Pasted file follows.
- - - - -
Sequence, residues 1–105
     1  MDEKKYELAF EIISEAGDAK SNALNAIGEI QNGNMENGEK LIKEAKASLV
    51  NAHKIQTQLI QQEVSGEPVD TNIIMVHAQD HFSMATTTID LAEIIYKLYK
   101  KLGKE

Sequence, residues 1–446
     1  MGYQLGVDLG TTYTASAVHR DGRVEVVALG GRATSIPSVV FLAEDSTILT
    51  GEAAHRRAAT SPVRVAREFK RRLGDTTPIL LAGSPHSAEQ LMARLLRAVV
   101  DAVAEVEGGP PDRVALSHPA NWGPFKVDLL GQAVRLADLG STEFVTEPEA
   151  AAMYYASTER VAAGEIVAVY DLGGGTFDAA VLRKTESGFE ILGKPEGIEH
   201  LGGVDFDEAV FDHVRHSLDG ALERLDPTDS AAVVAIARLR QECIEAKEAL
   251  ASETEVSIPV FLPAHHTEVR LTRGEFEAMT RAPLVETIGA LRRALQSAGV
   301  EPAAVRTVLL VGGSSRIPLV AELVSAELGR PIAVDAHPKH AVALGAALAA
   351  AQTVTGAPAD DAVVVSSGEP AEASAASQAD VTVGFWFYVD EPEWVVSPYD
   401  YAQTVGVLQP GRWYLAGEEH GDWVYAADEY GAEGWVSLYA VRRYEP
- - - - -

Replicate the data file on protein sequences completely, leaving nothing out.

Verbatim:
Sequence, residues 1–105
     1  MDEKKYELAF EIISEAGDAK SNALNAIGEI QNGNMENGEK LIKEAKASLV
    51  NAHKIQTQLI QQEVSGEPVD TNIIMVHAQD HFSMATTTID LAEIIYKLYK
   101  KLGKE

Sequence, residues 1–446
     1  MGYQLGVDLG TTYTASAVHR DGRVEVVALG GRATSIPSVV FLAEDSTILT
    51  GEAAHRRAAT SPVRVAREFK RRLGDTTPIL LAGSPHSAEQ LMARLLRAVV
   101  DAVAEVEGGP PDRVALSHPA NWGPFKVDLL GQAVRLADLG STEFVTEPEA
   151  AAMYYASTER VAAGEIVAVY DLGGGTFDAA VLRKTESGFE ILGKPEGIEH
   201  LGGVDFDEAV FDHVRHSLDG ALERLDPTDS AAVVAIARLR QECIEAKEAL
   251  ASETEVSIPV FLPAHHTEVR LTRGEFEAMT RAPLVETIGA LRRALQSAGV
   301  EPAAVRTVLL VGGSSRIPLV AELVSAELGR PIAVDAHPKH AVALGAALAA
   351  AQTVTGAPAD DAVVVSSGEP AEASAASQAD VTVGFWFYVD EPEWVVSPYD
   401  YAQTVGVLQP GRWYLAGEEH GDWVYAADEY GAEGWVSLYA VRRYEP